“What happens in the military is we take these really bright young 18-year-olds and say: Here’s a data center the size of Google and Facebook combined. Go do something mission critical,” says Michael Eisenberg, a general partner at the venture capital firm Benchmark Capital. “Now they are spilling out of the army, and we have the highest and best concentration in Israel of big-data engineers and analysts anywhere in the world.”

That explains why IBM, Google, Microsoft, EMC, Intel, General Electric, eBay, Cisco, and other giants all have major research centers in Israel, where more than 230,000 people are employed in high-tech fields. In the past two years, Israeli companies specializing in mobile computing, cybersecurity, and data storage have been snapped up for ever-increasing sums, culminating in the June acquisition of the mapping app Waze by Google for more than $1 billion.

Tal Marian, founder of the TechLoft, a shared workspace in the “Tech Mile” around Rothschild Boulevard in Tel Aviv, says the effects on the startup scene have been profound. “Some of the military units work like a civilian organization,” he says. There’s “the feeling that if you come up with a good idea that answers a real need of that unit’s mission, you will get the funding and manpower and time you need.”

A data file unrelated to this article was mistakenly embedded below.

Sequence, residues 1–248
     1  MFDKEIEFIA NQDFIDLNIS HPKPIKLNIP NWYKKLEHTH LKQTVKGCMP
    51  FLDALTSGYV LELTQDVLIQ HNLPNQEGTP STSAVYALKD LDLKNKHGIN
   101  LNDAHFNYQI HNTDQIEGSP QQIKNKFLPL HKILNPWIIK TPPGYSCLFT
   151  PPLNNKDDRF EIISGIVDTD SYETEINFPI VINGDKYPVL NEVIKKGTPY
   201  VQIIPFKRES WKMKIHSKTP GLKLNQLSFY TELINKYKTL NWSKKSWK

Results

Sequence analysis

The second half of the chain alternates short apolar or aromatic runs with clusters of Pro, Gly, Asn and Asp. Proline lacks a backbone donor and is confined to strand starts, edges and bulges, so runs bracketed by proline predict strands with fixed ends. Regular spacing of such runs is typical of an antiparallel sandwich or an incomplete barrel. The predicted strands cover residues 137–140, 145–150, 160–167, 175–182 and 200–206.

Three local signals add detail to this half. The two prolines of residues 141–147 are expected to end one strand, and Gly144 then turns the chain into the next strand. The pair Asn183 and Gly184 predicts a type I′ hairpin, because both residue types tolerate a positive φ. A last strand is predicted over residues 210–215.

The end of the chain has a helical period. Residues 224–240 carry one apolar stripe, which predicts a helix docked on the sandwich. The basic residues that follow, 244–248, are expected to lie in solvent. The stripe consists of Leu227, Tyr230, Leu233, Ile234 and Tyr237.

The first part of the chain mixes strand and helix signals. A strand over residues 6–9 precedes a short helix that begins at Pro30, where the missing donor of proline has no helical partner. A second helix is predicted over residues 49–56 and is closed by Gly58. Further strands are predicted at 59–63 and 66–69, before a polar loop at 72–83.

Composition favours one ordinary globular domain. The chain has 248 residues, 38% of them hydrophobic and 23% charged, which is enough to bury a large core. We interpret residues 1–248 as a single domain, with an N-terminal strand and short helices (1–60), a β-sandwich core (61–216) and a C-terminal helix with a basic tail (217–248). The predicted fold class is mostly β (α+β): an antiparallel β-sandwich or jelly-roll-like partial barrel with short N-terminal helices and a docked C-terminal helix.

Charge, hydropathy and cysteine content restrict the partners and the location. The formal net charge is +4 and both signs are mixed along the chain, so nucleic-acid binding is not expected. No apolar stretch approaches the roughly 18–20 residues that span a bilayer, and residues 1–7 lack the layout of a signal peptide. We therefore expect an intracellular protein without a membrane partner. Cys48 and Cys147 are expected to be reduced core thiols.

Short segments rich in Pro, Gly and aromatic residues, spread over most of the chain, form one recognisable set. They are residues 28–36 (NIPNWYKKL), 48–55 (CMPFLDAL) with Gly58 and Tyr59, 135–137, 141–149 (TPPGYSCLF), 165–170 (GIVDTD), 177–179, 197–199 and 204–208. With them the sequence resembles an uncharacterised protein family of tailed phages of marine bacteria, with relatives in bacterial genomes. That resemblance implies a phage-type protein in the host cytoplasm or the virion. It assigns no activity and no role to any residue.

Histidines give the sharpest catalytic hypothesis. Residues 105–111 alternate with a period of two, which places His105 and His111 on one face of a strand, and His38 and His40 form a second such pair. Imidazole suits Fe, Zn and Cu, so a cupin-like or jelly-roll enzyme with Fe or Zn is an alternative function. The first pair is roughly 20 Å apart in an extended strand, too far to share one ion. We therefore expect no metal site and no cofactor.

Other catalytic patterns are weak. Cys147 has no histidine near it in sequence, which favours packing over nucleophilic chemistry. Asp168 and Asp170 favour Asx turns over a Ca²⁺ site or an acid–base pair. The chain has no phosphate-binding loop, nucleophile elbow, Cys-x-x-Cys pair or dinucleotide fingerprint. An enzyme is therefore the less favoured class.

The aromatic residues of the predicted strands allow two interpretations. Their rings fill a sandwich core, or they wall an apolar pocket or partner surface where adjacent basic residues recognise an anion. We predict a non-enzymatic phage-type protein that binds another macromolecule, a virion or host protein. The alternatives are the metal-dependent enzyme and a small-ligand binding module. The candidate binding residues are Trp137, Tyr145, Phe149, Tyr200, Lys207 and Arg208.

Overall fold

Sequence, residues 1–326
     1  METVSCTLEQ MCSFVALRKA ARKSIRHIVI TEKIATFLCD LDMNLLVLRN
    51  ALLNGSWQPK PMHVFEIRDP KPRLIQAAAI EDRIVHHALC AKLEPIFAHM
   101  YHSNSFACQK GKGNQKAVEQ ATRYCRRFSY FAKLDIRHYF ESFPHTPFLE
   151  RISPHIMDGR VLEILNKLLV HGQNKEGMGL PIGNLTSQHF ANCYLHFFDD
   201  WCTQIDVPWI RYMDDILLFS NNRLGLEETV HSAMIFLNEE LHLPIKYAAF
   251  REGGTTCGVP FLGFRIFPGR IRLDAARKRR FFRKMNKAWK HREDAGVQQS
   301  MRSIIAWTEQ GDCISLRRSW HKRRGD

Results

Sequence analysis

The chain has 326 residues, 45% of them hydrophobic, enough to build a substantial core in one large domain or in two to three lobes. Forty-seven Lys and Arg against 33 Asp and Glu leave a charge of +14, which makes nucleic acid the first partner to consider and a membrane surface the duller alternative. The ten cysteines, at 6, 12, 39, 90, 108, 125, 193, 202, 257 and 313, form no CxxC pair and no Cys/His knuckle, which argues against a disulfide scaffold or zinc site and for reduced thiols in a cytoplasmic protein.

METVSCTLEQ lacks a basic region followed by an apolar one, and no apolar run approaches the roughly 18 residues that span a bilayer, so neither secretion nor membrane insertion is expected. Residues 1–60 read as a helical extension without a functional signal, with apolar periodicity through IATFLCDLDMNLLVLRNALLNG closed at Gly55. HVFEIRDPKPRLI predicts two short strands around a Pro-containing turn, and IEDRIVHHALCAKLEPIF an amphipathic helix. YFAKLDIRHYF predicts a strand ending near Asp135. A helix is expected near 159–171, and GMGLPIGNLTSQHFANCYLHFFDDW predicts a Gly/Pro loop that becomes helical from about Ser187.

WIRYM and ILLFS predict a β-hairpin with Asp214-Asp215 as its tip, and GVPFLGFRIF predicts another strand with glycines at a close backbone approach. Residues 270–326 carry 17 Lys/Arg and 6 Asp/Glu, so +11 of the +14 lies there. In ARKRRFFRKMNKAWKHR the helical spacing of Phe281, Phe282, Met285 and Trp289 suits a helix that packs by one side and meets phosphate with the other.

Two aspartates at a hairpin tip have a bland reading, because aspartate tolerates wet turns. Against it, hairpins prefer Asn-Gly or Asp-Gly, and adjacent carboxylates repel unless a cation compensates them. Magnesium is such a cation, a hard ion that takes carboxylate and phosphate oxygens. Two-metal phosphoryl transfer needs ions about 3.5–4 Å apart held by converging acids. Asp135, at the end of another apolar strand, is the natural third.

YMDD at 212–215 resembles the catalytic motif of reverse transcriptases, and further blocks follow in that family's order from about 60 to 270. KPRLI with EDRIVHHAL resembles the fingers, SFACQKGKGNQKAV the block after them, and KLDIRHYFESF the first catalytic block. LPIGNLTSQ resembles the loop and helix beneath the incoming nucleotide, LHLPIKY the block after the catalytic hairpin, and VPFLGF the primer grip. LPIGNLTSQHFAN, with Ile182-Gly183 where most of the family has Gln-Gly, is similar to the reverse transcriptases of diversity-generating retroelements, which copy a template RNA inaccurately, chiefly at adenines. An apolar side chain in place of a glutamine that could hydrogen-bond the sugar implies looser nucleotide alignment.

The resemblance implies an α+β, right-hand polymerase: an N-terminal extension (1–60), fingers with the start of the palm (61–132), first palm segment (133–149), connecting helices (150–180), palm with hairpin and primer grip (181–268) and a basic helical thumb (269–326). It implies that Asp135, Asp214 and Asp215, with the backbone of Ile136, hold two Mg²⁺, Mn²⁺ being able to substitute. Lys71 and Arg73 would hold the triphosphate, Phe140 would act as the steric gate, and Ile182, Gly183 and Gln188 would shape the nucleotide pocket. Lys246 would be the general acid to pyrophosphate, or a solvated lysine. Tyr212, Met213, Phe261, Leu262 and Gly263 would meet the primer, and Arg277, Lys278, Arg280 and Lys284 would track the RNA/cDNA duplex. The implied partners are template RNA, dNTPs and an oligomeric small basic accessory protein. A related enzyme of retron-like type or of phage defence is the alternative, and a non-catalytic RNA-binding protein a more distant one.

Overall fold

Sometimes the military connection to startups is obvious: the miniaturized camera and power pack in a camera pill developed by Given Imaging is based on the equipment in the nose of a military drone. Other connections are more obscure. Some aspects of Israeli expertise in mobile communications networks, for example, were developed as part of a defensive measure against terror attacks by Palestinians. The details are still top secret.

Another factor boosting Israel’s startup scene is the low cost of college, about $3,000 a year. Students typically emerge from military service and university with no debt, which allows many to take a year off to pursue their dreams.

Sometimes they come true. The success of Waze has reinvigorated an already bubbling market. Just as Any.Do is based on predictive analysis of large amounts of data, Waze applies the same techniques to crowdsource accurate traffic information and maps in real time. It’s widely believed that the Israeli military has a decade-long lead on the U.S. and Europe in big-data skills. Waze’s co-founder, Uri Levine, also got his start as a military software developer. 

“Big data was not a brand 10 years ago, but it was already there in intelligence organizations,” says Elik Ber, a former military officer now working for Meidata, a business research company. “Now when a consumer company wants to know who bought their product everywhere in the world, they’re facing the same kind of challenge.”